• Think about which kind of game would you come up if you could play poker with this kind of cards? A-1, B-2, C-3,...,25-Z and then color cards 1-12 with red, 14-25 with blue and 13 would be a poker. Again but with two other colours. Is it already a poker or Quiddler-Scrabble-poker? Reuse at the best :)
    – hhh
    Commented Feb 9, 2011 at 20:42
  • My wife and I tried Quiddler but we lost interest pretty quickly. On many hands one or both players are in a position to lay down their cards immediately after the deal. I should post a question about good alternate rules. Commented Mar 3, 2011 at 8:58
  • @Ben - Yeah, I kind of agree. I was in the fortunate position of being a power Scrabble enthusiast at a table of non-word-gamey people, so I pretty much destroyed the competition, and everyone swore never to play me again! Having said all that I think it's still a fairly good answer to the original question, asking for a game that would let non-native-speakers practice their vocabulary in a fun way... Commented Mar 3, 2011 at 17:24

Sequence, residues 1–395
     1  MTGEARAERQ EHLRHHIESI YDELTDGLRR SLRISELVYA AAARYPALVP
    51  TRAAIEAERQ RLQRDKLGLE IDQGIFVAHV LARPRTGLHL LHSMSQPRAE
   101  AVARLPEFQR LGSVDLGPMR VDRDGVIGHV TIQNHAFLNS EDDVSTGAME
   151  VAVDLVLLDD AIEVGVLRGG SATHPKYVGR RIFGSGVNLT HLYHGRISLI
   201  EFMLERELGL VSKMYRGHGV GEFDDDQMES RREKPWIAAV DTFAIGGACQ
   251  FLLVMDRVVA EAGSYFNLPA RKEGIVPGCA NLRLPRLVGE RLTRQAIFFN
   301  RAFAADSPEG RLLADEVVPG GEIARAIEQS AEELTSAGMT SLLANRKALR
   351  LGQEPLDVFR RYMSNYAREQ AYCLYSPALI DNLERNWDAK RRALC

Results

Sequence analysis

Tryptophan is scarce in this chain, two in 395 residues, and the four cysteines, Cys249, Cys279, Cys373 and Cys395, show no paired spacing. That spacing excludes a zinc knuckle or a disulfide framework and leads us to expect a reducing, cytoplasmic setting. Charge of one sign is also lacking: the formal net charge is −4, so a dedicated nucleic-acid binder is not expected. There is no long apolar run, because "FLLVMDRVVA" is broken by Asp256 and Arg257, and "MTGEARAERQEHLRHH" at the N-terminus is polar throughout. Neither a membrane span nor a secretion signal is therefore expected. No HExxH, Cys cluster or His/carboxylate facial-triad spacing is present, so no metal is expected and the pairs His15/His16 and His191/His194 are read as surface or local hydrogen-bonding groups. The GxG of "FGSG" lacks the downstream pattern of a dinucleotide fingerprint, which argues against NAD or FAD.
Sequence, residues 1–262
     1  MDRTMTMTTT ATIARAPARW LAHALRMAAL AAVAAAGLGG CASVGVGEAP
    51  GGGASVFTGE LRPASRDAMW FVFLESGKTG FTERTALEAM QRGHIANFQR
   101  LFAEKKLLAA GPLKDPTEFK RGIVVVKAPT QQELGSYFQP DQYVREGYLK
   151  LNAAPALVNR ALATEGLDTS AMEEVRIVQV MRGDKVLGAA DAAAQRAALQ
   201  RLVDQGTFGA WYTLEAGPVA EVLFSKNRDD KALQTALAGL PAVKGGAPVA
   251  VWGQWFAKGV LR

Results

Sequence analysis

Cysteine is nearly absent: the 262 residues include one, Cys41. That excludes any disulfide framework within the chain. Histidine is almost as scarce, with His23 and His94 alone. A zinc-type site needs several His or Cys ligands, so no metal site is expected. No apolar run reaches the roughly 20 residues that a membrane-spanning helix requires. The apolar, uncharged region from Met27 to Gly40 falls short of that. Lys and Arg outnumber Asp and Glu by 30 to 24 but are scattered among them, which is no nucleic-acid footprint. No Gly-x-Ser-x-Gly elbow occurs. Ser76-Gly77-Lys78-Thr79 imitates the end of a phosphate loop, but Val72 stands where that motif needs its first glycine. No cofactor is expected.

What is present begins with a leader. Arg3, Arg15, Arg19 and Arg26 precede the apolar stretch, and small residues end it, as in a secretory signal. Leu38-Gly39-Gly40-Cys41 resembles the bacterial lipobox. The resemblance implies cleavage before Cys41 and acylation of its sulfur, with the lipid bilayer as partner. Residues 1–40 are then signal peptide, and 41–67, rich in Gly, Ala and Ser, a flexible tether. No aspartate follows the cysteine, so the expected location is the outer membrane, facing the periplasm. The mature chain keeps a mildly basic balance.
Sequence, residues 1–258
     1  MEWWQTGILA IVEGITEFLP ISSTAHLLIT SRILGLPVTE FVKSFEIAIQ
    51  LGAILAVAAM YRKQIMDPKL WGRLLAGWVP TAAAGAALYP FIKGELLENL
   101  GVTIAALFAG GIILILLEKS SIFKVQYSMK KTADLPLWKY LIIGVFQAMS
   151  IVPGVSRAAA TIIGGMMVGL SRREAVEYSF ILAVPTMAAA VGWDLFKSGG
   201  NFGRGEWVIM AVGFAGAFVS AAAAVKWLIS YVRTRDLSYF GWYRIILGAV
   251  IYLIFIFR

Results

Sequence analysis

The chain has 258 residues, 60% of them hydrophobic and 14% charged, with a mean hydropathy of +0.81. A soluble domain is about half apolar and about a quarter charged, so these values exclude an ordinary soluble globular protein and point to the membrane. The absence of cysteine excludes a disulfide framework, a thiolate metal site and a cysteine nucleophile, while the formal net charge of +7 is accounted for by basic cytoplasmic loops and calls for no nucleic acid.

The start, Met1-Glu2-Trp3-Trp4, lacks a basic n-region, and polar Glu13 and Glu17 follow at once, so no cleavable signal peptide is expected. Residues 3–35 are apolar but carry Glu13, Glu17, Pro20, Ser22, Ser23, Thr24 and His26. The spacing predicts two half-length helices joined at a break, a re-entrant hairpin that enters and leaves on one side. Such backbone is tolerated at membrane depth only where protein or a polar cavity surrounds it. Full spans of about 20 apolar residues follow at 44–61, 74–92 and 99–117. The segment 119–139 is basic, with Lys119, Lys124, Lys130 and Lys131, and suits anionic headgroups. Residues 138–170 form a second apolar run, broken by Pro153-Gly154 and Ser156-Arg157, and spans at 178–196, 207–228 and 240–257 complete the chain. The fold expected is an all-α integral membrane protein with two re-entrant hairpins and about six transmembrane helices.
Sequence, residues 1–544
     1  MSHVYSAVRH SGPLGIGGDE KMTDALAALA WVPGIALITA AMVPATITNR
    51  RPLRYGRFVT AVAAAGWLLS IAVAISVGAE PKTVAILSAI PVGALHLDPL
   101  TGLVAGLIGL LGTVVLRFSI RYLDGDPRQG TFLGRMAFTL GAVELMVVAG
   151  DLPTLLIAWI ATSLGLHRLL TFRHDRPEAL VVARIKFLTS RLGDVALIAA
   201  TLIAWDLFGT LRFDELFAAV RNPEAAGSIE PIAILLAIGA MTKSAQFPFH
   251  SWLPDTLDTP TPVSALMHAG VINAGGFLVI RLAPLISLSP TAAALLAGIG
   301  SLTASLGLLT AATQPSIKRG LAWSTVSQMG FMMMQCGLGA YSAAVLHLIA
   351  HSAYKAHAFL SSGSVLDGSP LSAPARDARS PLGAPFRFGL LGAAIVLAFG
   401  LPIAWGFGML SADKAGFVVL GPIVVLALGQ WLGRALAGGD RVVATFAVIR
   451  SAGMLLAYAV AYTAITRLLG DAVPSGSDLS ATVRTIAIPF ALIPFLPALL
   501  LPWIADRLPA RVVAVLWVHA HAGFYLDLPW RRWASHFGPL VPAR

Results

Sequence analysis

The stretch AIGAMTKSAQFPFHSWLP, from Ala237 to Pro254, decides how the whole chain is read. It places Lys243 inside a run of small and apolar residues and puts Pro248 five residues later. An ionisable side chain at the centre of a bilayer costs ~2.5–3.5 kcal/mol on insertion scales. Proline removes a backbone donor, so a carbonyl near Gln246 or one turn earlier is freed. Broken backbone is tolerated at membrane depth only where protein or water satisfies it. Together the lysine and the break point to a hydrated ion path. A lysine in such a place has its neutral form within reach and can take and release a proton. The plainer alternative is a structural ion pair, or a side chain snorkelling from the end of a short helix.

I have a board game called Quizzle in Dutch. I couldn't find the English name - I'm not sure it even exists in English. The idea is, every player has an 8x8 square board in front of them and places letters and "black squares" on it; players take turns selecting one or multiple letters that they can use, and then every player has to use a copy of that letter on their board. This yields a crossword-like arrangement on every player's board. At the end of the game, you get points for every horizontally or vertically oriented valid Dutch word delimited by either the edge of the board or the black squares.



Though it may be too similar to Scrabble, as an answer to your question, in Bananagrams your playing a more or less solo scrabble board. Playing tiles to make words in a "crossword"/Scrabble pattern. When playing with others, there's a speed feel because when a player uses up their last tile, they yell "peel!" and everyone else is forced to take another tile and added it to their pile of tiles. It's pretty enjoyable. I've rarely seen a game won by someone making a come back, once you're beating everyone a win is almost guaranteed.